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Generalized Anxiety Disorder (GAD)
Generalized Anxiety Disorder (GAD) is characterized by six months or more of chronic, exaggerated worry and tension that is unfounded or much more severe than the normal anxiety most people experience. People with this disorder usually expect the worst. They worry excessively about money, health, family or work, even when there are no signs of trouble. They are unable to relax and often suffer from insomnia. Many people with GAD also have physical symptoms, such as fatigue, trembling, muscle tension, headaches, irritability or hot flashes.
Fortunately, through research supported by the National Institute of Mental Health (NIMH), effective treatments have been developed to help people with GAD.
Some research suggests that GAD may run in families, and that it may grow worse during stress. GAD usually begins at an earlier age and symptoms may manifest themselves more slowly than in most other anxiety disorders.
Treatments for GAD include medications and behavioral or cognitive-behavioral therapy.
- Medication: Successful treatment may include antianxiety medications, such as buspirone and the benzodiazepines or antidepressants.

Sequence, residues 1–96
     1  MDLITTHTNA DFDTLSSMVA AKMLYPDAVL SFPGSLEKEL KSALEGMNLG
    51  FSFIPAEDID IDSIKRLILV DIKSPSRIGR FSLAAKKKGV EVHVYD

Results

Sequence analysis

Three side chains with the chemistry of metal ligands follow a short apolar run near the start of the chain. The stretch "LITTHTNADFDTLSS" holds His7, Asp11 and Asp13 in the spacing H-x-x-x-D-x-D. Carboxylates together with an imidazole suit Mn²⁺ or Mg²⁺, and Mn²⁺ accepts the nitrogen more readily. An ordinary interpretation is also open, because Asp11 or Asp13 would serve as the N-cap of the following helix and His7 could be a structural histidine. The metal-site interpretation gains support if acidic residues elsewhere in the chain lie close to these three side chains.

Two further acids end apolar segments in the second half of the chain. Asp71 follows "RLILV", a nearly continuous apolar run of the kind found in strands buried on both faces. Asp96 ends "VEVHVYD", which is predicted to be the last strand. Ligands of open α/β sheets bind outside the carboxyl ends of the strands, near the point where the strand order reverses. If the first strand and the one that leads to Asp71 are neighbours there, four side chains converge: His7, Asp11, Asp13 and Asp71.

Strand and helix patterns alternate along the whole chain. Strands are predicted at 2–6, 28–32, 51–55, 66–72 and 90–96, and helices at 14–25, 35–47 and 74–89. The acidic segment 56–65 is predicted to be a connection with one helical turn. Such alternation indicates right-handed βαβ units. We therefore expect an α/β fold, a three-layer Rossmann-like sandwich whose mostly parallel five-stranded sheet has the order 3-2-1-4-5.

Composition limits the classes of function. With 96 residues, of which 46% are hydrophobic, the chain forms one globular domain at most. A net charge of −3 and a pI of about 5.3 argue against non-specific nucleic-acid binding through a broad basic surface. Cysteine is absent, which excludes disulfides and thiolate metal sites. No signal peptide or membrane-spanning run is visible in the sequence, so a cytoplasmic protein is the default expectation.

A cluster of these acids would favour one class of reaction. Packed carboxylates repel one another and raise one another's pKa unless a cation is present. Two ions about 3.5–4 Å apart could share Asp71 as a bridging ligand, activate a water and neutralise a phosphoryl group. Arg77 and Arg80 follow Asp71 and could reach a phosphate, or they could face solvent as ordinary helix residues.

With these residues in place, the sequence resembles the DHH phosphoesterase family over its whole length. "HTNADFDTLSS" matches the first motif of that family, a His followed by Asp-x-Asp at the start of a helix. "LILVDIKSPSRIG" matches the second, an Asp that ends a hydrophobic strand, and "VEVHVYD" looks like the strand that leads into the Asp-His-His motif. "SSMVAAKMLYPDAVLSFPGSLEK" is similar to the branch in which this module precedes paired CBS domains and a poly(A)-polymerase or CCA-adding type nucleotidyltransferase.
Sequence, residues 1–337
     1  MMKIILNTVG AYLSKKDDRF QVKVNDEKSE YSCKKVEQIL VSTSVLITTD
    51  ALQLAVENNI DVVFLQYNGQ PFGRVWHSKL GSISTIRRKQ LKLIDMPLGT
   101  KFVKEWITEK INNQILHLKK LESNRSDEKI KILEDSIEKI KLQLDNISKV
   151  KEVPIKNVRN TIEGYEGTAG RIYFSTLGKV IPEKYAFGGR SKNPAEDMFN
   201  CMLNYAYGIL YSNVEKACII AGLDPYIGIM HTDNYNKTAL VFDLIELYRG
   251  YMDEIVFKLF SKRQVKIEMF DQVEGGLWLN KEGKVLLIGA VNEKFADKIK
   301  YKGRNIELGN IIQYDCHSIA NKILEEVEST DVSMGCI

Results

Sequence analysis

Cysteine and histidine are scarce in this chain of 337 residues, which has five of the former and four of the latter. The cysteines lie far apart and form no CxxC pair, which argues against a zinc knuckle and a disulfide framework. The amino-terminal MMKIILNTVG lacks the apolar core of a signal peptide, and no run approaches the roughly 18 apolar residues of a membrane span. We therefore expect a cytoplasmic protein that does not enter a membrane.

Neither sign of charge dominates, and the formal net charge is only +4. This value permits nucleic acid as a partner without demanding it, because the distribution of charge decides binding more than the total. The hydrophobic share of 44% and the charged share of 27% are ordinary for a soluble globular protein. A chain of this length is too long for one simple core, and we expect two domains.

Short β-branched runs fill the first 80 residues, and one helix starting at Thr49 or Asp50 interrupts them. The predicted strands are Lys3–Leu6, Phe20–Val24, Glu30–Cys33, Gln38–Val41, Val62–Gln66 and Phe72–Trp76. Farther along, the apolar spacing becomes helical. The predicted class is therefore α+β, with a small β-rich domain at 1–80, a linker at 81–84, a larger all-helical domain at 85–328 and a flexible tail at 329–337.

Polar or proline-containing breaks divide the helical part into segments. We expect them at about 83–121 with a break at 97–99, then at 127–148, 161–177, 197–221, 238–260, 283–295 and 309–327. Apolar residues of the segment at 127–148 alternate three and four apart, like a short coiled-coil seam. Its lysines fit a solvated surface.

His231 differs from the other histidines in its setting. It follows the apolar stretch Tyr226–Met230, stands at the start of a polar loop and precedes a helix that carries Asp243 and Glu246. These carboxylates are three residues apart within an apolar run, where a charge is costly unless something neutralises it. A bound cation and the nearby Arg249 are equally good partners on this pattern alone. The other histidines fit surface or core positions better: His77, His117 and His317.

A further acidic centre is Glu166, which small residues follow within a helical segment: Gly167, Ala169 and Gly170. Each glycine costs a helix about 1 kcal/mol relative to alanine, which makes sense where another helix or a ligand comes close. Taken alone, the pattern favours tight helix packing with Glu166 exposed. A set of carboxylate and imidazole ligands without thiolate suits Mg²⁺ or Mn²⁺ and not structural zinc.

- Behavioral therapy: Behavioral therapy focuses on using specific relaxation techniques to change anxiety-causing behaviors. For example, one technique trains patients in a special breathing exercise involving slow, deep breaths to reduce anxiety. This is necessary because people who are anxious often hyperventilate, taking rapid, shallow breaths that can trigger rapid heartbeat, lightheadedness, and other symptoms. Another technique—exposure therapy—gradually exposes patients to what frightens them and helps them cope with their fears.
- Cognitive-behavioral therapy: Like behavioral therapy, cognitive-behavioral therapy teaches patients to react differently to the situations and bodily sensations that trigger anxiety symptoms. However, patients also learn to understand how their thinking patterns contribute to their symptoms and how to change their thoughts so that symptoms are less likely to occur. This awareness of thinking patterns is combined with behavioral techniques to help people confront their feared situations.
Research shows that GAD often coexists with depression, substance abuse, or other anxiety disorders. Other conditions associated with stress, such as irritable bowel syndrome, often accompany GAD. Patients with physical symptoms, such as insomnia or headaches, should also tell their doctors about their feelings of worry and tension. This will help the patient's health care provider to recognize that the person is suffering from GAD.